We need to provide the children with the information so that when they grow up they can make informed decisions about what they put in their mouth. You are basically saying that we trust teachers enough to teach our children about everything else except nutrition. That makes no sense at all and that is why 40% of adults are overweight and obese. That 40% will pass on their bad eating habits to their children. The obesity rates are going up and ignoring the issues and your way of thinking are not helping.

    It has been typical to include some nutrition education in school. Likely the 40% of people who are obese got nutrition education.

    The people who really know what a balanced diet are are likely the people who have it modeled at home. I didn't retain any of what I was taught about nutrition (something vague about food groups) in school, but I did get a sense of what a sensible meal looked like (and that one should of course eat vegetables and so on) from how we ate as a family. When I later did learn about nutrition, I could see that we ate a pretty decent diet.
    edited September 29
  • Noreenmarie1234Noreenmarie1234 Member Posts: 5,811 Member Member Posts: 5,811 Member
    Interesting thoughts, but we had mandatory health class every year. We even had to record our calories for a whole week and compare them with how much we were suppose to be eating. They had us learn how to count calories and how much we should be eating a day as well as how many servings of fruit and veggies we should be having and what a healthy weight is for our height. We were taught how to calculate our BMI too.

    In home ec we had to cook numerous healthy meals from scratch every week.

    Didn't stop 95% of the people I went to school with from becoming overweight.
    edited September 29
  • shaumomshaumom Member Posts: 960 Member Member Posts: 960 Member
    Do you think that we would have less of an obesity problem in our society if our education system was overhauled to include mandatory cooking classes, nutritional science, exercise science, physical exercise (not the PE classes that exist nowbut military style PT, runs, calisthenics, lifting etc.)

    I honestly don't think it would make much of a difference. Because there are, and have been, schools that DO have this (I went to a high school that had pretty much all of this, actually), and it doesn't make a difference.

    In large part, I think it's because, while ignorance about a subject IS a concern, it's not the driving force behind this problem.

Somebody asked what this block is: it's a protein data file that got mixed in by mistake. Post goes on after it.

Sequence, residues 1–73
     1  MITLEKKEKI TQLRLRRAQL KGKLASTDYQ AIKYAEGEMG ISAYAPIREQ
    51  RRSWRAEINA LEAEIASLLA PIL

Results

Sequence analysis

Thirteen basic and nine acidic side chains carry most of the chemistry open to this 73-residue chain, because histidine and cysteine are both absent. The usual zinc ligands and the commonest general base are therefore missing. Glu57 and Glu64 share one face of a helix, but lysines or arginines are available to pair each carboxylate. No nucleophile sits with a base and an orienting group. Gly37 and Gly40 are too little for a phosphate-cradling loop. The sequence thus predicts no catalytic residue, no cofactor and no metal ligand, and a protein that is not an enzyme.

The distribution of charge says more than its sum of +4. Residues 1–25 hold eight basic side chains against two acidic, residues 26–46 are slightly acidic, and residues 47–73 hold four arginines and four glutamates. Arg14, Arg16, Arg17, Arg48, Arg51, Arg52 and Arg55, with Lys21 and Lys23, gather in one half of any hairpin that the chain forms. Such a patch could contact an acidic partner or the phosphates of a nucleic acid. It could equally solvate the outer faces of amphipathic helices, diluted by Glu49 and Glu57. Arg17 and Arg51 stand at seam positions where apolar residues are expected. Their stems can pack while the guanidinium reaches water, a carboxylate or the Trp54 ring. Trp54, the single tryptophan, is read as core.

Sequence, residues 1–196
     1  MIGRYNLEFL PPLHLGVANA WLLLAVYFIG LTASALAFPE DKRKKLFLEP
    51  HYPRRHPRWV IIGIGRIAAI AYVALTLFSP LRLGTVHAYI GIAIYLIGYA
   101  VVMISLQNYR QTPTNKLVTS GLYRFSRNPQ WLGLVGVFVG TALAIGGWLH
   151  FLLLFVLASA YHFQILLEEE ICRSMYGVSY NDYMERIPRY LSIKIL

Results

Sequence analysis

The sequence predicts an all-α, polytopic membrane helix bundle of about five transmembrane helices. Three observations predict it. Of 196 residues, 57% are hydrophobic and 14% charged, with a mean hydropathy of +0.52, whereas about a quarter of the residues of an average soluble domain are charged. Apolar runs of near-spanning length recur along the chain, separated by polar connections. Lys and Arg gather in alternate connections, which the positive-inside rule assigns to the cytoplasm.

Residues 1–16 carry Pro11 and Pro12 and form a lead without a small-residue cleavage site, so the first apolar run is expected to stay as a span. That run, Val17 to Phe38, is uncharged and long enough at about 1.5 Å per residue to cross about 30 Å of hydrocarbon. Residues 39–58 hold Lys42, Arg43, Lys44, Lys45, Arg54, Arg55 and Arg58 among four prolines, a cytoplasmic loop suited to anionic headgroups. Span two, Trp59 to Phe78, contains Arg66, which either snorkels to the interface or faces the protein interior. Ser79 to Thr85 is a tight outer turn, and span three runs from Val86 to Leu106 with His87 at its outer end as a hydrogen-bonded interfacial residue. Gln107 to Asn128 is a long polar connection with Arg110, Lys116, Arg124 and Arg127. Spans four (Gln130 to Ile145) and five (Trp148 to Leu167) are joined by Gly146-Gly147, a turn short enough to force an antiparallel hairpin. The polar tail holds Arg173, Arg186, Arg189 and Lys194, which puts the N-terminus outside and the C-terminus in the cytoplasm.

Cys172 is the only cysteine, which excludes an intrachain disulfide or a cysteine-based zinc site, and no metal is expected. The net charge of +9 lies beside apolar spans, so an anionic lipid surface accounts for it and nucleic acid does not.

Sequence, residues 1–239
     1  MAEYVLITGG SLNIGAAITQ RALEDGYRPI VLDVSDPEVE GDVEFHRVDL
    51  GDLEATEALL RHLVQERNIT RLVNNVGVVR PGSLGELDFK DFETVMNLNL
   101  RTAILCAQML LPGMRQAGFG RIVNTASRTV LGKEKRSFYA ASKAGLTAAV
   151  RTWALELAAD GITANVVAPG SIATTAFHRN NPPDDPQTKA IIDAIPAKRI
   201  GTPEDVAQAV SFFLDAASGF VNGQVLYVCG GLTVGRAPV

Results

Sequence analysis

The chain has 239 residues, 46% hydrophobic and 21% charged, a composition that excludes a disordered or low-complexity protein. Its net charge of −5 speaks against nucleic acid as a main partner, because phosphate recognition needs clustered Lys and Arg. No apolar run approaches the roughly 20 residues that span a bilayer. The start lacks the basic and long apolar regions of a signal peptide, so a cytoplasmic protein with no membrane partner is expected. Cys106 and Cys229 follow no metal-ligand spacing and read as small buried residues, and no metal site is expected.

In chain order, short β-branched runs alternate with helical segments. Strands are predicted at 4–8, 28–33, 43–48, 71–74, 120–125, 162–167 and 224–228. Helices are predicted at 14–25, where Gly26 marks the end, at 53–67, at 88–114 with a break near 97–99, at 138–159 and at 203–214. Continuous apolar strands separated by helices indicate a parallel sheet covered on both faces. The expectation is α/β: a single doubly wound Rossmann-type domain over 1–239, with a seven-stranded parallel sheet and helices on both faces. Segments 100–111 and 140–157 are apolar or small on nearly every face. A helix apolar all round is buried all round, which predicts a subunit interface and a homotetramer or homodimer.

Our society as a whole, and how it functions, seems to be much more of a driving force behind this problem, because it's multi-faceted.

    - We have a minimum wage that is not a living wage, plus a medical system that is so costly one big accident plus a bad month or two (financially), is enough to bankrupt over half our population. Which means we have over half our population that has to focus more energy to trying to make enough money to survive, and also has to spend the least amount of money on non-fixed expenses.
    - This impacts SO much, because...
    - Time to exercise is a luxury that gets harder to afford when you have more time spend working, which leaves you with less time to spend on kids, getting chores done, etc...
    - Time to make food from scratch that is healthier is ALSO a luxury that many people don't have. And if one wants to buy healthy food that is pre-made, that costs money...which a lot of people do not have.
    - Food is a non-fixed expense which is often cut down if you are struggling to make ends meet. You can often buy enough CALORIES to survive on a limited income, but in the USA, calories are cheaper than food that is better for your health (more nutrients, for example). So buying a few vitamins plus cheaper (and fattier, more sugar filled food) is something that helps one survive a more limited income.
    - When you are struggling to survive, having some tiny thing that is emotionally uplifting. A small bit of food with a nice taste - like a candy bar, say - is something that is affordable but can help a person make it through that day without losing it, screaming at their kids, blowing up at their crap boss, etc... Which would also be survivable if they were able to make more money so there was a lot less stress in their lives, but again - our society has some problems.
    -

    The above? That's not behavior based on a 'lack of education.' It's behavior based on necessity and trying to survive a crappy situation. The way to help this is not education, then, but rather, to make some serious changes in our society so that we, as a whole, are more supportive for our community to be able to thrive in life, and not just struggle through it.